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Meridian Institute

Special Report: Drowning in Grain - How Big Ag Sowed Seeds of a Profit-Slashing Glut

Summary posted by Meridian on 9/28/2017

Source: Reuters (27 Sep 2017)

Author(s): Rod Nickel

The world is awash in grain - a global glut of corn, wheat and soybeans is now in its fourth year, and the world’s ending stocks of total grains are poised to reach a record 638 million tons. “The bin-busting harvests of cheap corn, wheat and soybeans are undermining the business models of the world’s largest agriculture firms and the farmers who use their products and services,” this article states. “Some analysts say the firms have effectively innovated their way into a stubbornly oversupplied market.” Favorable weather has been one factor in the grain glut, but genetically modified crops and high-tech farm practices have also contributed. The abundant supplies have helped lower food prices around the world, but it also means depressed farm incomes, often in poorer communities. In the U.S., net farm incomes are about half of what they were in 2013. Farmers will have less to spend on seed, fertilizer and machinery, lending their pain to other firms across the agriculture sector. The pressure on seed and chemical companies has led to a wave of consolidation in the industry. Despite the glut, Monsanto Company is working on developing its fastest-maturing corn, which would allow farmers in Canada and other inhospitable climates, to grow more of the crop. Trish Jordan, a spokeswoman for Monsanto, said the company believes demand growth justifies the new product; she disputed the notion that crop science advances are backfiring on firms like Monsanto. Jonas Oxgaard, an analyst at investment management firm Bernstein, said, however, that success in the lab and the field has contributed to oversupply. "It's somewhat the seed companies' fault - they keep breeding better and better seeds every year," he said. Glut conditions are expected to ease somewhat this year, but supplies are still so large that prices will remain weak. Paul Thomas, a North Dakota farmer, started planting corn and soybeans about a decade ago; both are now his biggest crops. He uses a short-season Monsanto corn variety. “We’re very capable of producing a large amount of bushels given an economic incentive,” he said. “If we end up over-producing, then we shift to one that’s more in need. That’s just the way agriculture works.” Still, he said, the traditional dynamic may be changing in this current glut. “I don’t know any single crop that isn’t in oversupply,” he said.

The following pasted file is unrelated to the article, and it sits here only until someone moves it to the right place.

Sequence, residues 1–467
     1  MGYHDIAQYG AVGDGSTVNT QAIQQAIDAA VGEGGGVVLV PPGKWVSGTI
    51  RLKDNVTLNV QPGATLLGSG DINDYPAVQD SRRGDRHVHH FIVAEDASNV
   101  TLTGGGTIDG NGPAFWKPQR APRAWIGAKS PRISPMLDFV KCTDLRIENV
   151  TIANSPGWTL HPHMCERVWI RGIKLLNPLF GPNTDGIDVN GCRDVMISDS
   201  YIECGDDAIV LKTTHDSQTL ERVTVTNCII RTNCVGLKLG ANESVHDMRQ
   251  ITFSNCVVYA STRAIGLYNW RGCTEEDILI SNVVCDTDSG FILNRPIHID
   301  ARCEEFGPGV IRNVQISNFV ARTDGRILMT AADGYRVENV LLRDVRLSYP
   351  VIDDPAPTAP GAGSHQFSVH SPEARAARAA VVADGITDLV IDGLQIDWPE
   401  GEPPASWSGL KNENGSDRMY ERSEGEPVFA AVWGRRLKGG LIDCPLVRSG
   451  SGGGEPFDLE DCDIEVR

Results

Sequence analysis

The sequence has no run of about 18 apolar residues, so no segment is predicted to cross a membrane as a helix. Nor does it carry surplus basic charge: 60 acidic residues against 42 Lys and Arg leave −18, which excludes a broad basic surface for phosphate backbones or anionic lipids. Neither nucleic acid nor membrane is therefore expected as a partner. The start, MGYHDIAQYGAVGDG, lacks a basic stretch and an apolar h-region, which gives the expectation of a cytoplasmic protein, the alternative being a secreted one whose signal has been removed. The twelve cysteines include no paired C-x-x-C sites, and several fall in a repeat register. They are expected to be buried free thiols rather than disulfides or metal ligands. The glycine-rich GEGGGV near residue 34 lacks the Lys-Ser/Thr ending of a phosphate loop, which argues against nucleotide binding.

The original article may still be available at https://www.reuters.com/article/us-grains-supply-special-report/special-report-drowning-in-grain-how-big-ag-sowed-seeds-of-a-profit-slashing-glut-idUSKCN1C21AR

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